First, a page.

Class I+Class II = Class IIt is true that we haven't literally seen it, but the OP wrote ...
As most of us have said, it does seem that the most likely explanation is that the lampholder is Class II, whereas the rose is Class I.
This begs two questions - firstly, in such a 'mixed' (Class I + Class II) situation, what would we expect to be written on the box? In at least some senses, "Class I" would seem to be the 'safer' option?
Secondly, as already mentioned and discussed, is it actually compulsory that a Class II 'component' (i.e. the lampholder) must bear a Class II symbol/marking? - and I don't know the answer to that one. I had always assumed that if a product had exposed-conductive-parts and was not marked as being Class II, then it had to be regarded as Class I, and hence those exposed-c-ps earthed. However, as has been pointed out, such marking might be impractical in some cases (but not, I would have thought, for a lampholder) - so it will be interesting to see if anyone can come up with any 'chapter and verse' as regards what the relevant Standard says about this.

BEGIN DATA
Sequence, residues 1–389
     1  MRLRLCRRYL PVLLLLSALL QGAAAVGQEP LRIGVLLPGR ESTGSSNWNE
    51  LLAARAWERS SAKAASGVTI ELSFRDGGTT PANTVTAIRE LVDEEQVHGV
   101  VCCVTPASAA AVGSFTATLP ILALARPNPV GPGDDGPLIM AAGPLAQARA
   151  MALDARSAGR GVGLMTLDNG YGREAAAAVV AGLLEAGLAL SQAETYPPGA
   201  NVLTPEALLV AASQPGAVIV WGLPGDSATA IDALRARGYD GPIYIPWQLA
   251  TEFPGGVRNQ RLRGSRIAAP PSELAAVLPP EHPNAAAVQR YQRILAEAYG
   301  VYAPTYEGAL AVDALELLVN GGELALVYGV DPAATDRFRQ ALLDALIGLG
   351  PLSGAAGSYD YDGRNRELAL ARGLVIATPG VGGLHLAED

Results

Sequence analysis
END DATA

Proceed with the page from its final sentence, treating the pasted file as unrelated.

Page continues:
Kind Regards, John
It's got an earth terminal to the base where the ceiling wires connect in, hasn't it?
And the lampholders happen to be double insulated. That's no problem.
Since the installer won't be working on the lampholders, does there need to be a Class II marking? I don't see why, in fact such a label could confuse an installer into thinking the whole fitting does not need an earth connection.